Monsters in America: Our Historical Obsession with the Hideous and the Haunting


The history of America -- one fear, one monster, at a time
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Monsters in America: Our Historical Obsession with the Hideous and the Haunting

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The history of America -- one fear, one monster, at a time
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Editorial Reviews

From the Publisher

"... one of the best reads of the year."
--Dave Canfield, Fangoria

"From 19th century sea serpents to our current obsession with vampires and zombies, ... Poole plots America's past through its fears in this intriguing ...sociocultural history."
--Publishers Weekly

"Poole ... has set the bar ridiculously high for any future research exploring the locus of historical and cultural studies, particularly as it pertains to the horrific. ... Monsters In America challenges, enlightens, and, quite honestly, frightens in its prescient view of American history, as well as the seeming ubiquity of the monsters of our past and probable future."
--The Crawlspace

"A well informed, thoughtful, and indeed frightening angle of vision to a persistent and compelling American desire to be entertained by the grotesque and the horrific."
--Gary Laderman, Professor of American Religious History and Cultures, Emory University

"Poole brings to life American horror stories by framing them within folk belief, religion, and popular culture, broadly unraveling the idea of the monster. Thanks to Poole's insights we see the ubiquity of the monster lurking in and around us."
--John David Smith, Charles H. Stone Distinguished Professor of American History, The University of North Carolina at Charlotte

Publishers Weekly
From 19th century sea serpents to our current obsession with vampires and zombies, history professor Poole (Satan in America) plots America’s past through its fears in this intriguing though not always convincing or original sociocultural history. Poole abstains from offering a single definition of “monster,” allowing various meanings to develop in historical context, as with the alleged sea beast that terrorized Gloucester, Mass., in 1817 or the shape-shifting spirit Deer Woman, described in Sallie Southweall Cotton’s 1901 poem “The White Doe.” Poole is best when focusing on the social impact of those considered monsters, many of the human variety—such as the subjects of racial intolerance and the perception of African-Americans, particularly male, as “monstrous beasts” who had to be destroyed at any cost, often by thousand-person lynch mobs. The 20th century is dealt with as a predictable series of film genres—WWII monster films, body snatchers, deranged serial killers, and a return to vampires of all shapes and sizes. But given Poole’s argument that “he monster has its tentacles wrapped around the foundations of American history,” his loose definition of “monster” shows its weakness: while studying fantasy monsters can illuminate real fears, they don’t equate with the demonization of actual humans of certain races or classes. 24 b&w illus. (Oct.)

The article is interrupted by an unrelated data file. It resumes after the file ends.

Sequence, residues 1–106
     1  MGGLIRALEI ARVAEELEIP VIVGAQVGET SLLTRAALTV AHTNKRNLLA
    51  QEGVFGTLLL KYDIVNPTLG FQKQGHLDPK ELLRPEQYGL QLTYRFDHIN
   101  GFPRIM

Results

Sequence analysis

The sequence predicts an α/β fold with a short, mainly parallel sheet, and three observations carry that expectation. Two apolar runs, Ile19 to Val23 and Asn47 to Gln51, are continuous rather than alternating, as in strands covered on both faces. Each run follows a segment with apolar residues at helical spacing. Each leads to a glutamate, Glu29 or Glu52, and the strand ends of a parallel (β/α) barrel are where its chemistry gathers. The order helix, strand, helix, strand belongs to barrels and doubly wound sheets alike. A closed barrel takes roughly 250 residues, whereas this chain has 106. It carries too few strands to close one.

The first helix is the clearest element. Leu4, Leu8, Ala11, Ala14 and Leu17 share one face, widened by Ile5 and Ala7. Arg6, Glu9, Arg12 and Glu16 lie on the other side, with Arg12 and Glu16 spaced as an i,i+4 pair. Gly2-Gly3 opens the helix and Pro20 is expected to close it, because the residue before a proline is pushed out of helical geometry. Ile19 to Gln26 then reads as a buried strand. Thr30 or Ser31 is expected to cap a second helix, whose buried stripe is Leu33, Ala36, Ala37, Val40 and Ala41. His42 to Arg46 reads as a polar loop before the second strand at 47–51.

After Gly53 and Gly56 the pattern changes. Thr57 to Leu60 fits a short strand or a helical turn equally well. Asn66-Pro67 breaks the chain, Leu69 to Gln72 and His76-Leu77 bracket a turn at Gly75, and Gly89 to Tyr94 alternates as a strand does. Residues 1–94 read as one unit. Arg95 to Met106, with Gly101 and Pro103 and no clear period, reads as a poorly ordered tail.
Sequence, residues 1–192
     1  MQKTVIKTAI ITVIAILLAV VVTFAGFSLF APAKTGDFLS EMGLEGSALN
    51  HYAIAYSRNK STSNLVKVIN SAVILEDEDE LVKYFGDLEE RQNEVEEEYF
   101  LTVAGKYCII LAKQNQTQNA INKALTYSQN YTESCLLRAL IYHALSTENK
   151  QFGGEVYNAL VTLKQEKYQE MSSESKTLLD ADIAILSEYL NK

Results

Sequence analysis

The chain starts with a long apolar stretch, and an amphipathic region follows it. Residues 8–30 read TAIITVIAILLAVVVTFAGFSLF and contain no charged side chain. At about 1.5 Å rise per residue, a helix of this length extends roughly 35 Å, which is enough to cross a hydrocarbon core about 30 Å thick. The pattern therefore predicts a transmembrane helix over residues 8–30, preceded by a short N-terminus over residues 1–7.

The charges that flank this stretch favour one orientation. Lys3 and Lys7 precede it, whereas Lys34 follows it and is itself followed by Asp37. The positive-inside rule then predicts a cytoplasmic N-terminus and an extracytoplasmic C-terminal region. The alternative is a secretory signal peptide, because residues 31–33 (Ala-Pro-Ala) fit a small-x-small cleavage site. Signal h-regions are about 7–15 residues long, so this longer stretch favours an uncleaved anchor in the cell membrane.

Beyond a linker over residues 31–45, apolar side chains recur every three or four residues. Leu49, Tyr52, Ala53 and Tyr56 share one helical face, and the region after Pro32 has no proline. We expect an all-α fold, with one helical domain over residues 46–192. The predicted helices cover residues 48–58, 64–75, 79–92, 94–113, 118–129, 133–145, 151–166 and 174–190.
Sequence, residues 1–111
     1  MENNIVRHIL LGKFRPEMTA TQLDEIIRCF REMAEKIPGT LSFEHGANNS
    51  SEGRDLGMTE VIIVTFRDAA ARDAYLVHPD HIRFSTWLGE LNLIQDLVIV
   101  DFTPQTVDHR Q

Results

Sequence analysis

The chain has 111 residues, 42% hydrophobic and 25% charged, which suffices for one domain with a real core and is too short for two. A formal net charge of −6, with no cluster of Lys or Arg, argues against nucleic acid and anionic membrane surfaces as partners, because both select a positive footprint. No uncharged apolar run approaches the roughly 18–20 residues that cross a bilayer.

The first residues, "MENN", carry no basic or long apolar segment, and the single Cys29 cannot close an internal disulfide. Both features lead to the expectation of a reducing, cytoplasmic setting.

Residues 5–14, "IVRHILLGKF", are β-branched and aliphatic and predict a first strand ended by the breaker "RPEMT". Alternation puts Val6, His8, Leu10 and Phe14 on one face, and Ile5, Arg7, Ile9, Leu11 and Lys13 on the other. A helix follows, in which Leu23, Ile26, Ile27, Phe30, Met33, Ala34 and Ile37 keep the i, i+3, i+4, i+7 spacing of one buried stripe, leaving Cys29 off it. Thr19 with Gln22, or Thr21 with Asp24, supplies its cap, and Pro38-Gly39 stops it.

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Product Details

  • ISBN-13: 9781602584662
  • Publisher: Baylor University Press
  • Publication date: 1/21/2014
  • Edition description: New Edition
  • Pages: 295
  • Sales rank: 415,810
  • Product dimensions: 5.90 (w) x 8.90 (h) x 0.90 (d)

Meet the Author

W. Scott Poole grew up in love with monsters. Now a tenured professor of American History at the College of Charleston, South Carolina, he teaches popular courses on America and its monsters as well as on the image of the Devil in religion and popular culture. He is the author of several books including Satan in America: The Devil We Know and is a regular contributor to, an international magazine of cultural criticism.

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Read an Excerpt

"The American past reads like something of a horror movie, maybe even a low-budget slasher. American history comes at us dripping with gore, victims lying scattered on the ground, eldritch moonlight revealing creeping horrors you never learned from your eighth grade history textbook. The history of the United States offers a chamber of horrors, with clergy transforming the Native American other into demonic beings, mad scientists turning state-funded laboratories into torture chambers, and the photographic revolution of the Victorian era turning toward a morbid fascination with the bodies of the dead and the creation of the category of 'gore.' History is horror."

—excerpted from the Introduction

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Table of Contents

Introduction: The Bloody Chords of Memory

1. Monstrous Beginnings
2. Goth Americana
3. Weird Science
4. Alien Invasions
5. Deviant Bodies
6. Haunted Houses
7. Undead Americans

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